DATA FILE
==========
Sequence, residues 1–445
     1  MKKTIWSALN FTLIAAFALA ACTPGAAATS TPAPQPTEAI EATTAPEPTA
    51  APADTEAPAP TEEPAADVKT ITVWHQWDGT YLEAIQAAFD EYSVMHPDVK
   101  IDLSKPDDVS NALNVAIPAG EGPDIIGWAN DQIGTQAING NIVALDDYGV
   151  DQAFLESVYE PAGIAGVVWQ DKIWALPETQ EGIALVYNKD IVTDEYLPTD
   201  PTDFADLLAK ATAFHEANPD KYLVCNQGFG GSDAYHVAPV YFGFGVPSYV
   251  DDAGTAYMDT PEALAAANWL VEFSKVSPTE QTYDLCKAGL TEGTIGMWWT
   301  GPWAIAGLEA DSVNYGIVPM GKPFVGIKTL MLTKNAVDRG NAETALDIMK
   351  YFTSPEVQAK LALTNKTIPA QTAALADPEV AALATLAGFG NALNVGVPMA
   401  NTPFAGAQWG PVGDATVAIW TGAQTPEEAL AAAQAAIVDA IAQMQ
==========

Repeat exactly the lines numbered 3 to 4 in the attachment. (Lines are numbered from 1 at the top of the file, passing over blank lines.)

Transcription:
    51  APADTEAPAP TEEPAADVKT ITVWHQWDGT YLEAIQAAFD EYSVMHPDVK
   101  IDLSKPDDVS NALNVAIPAG EGPDIIGWAN DQIGTQAING NIVALDDYGV